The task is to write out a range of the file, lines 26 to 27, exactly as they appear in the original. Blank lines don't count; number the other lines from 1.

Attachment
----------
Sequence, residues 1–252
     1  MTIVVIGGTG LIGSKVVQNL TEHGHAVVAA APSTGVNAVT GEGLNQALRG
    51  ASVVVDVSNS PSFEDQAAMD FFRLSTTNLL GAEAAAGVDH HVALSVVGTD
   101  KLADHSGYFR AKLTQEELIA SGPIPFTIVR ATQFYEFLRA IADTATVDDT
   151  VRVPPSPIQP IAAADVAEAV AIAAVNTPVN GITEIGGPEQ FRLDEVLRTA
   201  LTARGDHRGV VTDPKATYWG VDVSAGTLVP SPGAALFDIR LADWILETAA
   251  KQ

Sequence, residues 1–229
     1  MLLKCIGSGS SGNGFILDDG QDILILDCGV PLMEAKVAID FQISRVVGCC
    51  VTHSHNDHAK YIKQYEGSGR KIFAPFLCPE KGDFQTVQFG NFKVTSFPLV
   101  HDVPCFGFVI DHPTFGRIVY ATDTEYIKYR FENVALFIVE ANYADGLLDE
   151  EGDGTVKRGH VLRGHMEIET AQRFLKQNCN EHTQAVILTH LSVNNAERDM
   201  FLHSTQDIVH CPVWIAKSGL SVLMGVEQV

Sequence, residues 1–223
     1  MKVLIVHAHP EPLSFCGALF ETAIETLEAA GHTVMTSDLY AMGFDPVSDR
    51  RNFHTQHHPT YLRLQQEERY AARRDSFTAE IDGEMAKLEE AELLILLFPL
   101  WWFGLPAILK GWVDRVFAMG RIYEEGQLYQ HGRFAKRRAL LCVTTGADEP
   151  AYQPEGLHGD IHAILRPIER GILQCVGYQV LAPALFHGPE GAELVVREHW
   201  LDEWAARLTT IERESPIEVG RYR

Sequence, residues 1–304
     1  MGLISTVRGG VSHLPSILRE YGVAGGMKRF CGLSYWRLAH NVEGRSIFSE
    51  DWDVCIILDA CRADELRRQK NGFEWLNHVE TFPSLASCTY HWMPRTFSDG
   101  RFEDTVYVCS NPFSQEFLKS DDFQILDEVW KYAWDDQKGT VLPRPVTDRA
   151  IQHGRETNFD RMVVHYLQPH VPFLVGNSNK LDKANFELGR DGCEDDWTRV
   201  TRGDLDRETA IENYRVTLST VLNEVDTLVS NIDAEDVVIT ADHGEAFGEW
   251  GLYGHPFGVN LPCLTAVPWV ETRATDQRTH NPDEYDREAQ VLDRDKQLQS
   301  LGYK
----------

   251  GLYGHPFGVN LPCLTAVPWV ETRATDQRTH NPDEYDREAQ VLDRDKQLQS
   301  LGYK